Election posters plastered on the bullet-riddled wall of a girls’ school in the Old City of Iraq’s Mosul pledge a better future for those casting their ballot at a nationwide vote. But the scenes of devastation that surround them almost 10 months after the Islamic State group (IS) was forced from the country’s second city belie the hopeful claims. “Iraq is moving forward,” reads an advert for candidate Laith Ahmad Hassan, standing for Prime Minister Haider al-Abadi’s Victory Alliance at the May 12 parliamentary poll. “We will continue the process of reconstruction and offer the benefits to the people,” says a poster for contender Fares Sheikh Sadik from a Kurdish party.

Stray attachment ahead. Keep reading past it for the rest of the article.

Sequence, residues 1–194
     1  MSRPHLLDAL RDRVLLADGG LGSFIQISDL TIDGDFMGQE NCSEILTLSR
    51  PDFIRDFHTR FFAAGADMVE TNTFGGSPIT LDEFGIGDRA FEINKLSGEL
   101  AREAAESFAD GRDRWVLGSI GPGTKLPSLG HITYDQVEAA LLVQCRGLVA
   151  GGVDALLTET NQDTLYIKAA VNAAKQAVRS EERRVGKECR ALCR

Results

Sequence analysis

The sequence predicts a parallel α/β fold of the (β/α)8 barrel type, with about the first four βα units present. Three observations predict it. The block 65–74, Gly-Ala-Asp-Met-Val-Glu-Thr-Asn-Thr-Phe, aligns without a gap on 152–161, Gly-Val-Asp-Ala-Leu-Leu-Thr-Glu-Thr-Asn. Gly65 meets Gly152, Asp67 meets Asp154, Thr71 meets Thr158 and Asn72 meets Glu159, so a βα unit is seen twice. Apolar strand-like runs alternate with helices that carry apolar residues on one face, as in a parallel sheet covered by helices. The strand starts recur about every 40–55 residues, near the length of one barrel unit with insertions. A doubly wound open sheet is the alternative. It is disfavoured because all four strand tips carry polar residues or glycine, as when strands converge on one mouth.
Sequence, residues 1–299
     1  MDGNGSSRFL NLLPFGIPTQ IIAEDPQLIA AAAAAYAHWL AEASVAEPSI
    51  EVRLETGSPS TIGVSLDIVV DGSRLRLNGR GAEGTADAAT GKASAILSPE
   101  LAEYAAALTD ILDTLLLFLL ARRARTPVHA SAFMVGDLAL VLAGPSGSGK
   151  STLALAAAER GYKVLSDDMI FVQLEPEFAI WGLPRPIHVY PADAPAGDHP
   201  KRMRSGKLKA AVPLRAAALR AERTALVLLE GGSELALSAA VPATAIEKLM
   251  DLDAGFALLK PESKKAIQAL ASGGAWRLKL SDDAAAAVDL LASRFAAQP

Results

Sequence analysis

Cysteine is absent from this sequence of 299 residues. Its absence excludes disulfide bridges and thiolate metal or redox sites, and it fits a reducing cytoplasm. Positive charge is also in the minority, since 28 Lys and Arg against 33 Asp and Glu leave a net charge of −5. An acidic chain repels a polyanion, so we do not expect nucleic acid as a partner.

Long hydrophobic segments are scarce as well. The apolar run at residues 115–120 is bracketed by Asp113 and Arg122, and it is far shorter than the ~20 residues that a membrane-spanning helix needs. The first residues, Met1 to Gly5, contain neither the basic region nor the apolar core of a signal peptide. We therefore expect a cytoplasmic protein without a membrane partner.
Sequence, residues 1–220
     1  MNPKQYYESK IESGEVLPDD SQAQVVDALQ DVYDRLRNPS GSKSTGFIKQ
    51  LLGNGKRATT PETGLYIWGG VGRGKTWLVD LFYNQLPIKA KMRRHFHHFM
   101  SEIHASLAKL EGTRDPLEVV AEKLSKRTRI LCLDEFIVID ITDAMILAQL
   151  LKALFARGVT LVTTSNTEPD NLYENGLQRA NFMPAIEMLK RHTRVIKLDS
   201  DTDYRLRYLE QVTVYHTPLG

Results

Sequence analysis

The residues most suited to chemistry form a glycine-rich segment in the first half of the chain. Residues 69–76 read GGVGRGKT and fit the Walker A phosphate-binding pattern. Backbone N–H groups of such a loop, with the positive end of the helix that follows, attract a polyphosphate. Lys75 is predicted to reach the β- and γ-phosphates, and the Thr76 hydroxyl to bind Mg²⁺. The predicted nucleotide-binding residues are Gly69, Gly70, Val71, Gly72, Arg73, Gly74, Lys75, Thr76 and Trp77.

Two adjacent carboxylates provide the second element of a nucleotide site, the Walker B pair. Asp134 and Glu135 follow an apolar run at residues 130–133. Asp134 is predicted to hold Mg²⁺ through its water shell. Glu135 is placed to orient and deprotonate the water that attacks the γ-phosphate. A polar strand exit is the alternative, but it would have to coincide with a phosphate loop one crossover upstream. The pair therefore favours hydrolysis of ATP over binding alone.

The scars left from the months of gruelling fighting it took to oust IS from Mosul — the Iraqi capital of their so-called “caliphate” — are still visible all over the city.
Streets lie in ruins, decomposing bodies rot beneath rubble and unexploded ordnance poses a constant threat.
Despite this backdrop of devastation, candidates are trying their hardest to drum up support. They have staged sporting and cultural events, handed out free cake to passersby and hired convoys of cars to cruise around the city blasting out music.